According to HDSA.org, Huntington’s disease is a fatal genetic disorder that causes the progressive breakdown of nerve cells in the brain. It deteriorates a person’s physical and mental abilities during their prime working years and has no cure. HD is known as the quintessential family disease because every child of a parent with HD has a 50/50 chance of carrying the faulty gene.The onset of Huntington disease is usually between 25 and 45 years of age, when the trait may already have been passed to the person’s children. The disorder has a prevalence rate of approximately 3 to 7 per 100,000 persons and occurs in all races. 13. TBI: frontal injury, contrefrontal injury, contrecoup injury, coup injury TBI is short for traumatic brain injury in which a force is applied to the head resulting in an injury to the brain that presents a wide variety of symptoms based upon where on the head the injury occurred. These types of injuries can be difficult to diagnose and even more difficult to treat when they occur. In a frontal injury a blow to the front of the head has damaged the frontal lobe responsible for emotional control as well as our personality. This also damages the individual's motivation which may result in lethargic behavior. Planning advanced multi-step tasks such as taking a shower is difficult for the individual effected. The contrefrontal injury occurs on the opposite side of the frontal lobe. This can encompass anywhere on the back half of the head affecting many functions of the brain. This can cause various types of blindness, difficulty seeing colors, producing hallucinations, difficulty seeing movement or recognizing words, and many more symptoms based on severity and exact location of the trauma. Contrecoup and coup injuries refer to where an injury occurred in relation to the site of the injury. Coup injuries are simply the injuries to the brain that occur on the same side that the trauma was on. Both of these injuries happen together in a continuous motion with the coup injury occurring first, then the brain rebounds off of the skull where the impact occurred and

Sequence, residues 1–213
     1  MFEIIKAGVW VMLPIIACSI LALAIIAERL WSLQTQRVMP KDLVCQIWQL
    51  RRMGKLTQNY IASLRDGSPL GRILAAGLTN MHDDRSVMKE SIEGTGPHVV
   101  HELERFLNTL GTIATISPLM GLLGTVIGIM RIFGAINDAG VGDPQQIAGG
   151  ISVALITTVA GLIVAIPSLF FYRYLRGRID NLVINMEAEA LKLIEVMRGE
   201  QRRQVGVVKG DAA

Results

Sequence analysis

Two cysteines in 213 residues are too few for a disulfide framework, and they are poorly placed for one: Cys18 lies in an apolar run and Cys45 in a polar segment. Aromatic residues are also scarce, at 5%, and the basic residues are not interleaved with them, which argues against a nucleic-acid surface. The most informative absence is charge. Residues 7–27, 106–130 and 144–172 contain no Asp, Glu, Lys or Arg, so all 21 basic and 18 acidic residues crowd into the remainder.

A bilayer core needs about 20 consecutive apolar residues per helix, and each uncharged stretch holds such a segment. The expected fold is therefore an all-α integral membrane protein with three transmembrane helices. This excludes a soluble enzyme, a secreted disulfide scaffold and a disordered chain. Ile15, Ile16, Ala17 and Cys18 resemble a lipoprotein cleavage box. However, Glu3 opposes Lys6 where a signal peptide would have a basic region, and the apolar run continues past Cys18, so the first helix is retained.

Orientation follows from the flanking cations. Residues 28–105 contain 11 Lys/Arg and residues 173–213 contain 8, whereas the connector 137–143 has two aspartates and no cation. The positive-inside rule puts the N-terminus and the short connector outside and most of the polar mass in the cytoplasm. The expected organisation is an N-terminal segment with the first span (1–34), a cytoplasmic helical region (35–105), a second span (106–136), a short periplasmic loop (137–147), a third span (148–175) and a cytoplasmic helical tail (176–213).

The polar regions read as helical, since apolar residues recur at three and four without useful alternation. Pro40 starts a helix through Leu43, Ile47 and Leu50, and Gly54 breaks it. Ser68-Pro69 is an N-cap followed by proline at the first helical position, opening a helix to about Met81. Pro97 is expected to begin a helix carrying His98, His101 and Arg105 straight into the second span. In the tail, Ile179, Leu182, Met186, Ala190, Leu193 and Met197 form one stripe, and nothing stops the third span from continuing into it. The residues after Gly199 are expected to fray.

rebounds to the opposite side of the skull causing additional damage at the contrecoup site of injury. 14. Types of subdural hematoma Bleeding between the dura mater and the brain causes subdural hematoma. Acute subdural hematoma develop within 48 hours after a traumatic brain injury. They are usually located at the top of the skull, and are the result of tearing of bridging veins and the rapid expansion that forms a space-occupying lesion. The expanding clots will directly compress the brain, causing intracranial pressure to rise, and eventually compress the bleeding vein. Symptoms of acute subdural hematoma include a headache, drowsiness, restlessness/agitation, slowed cognition and confusion. Symptoms can worsen and the person may lose consciousness, experience changes in respiratory patterns, and dilation of the pupils.
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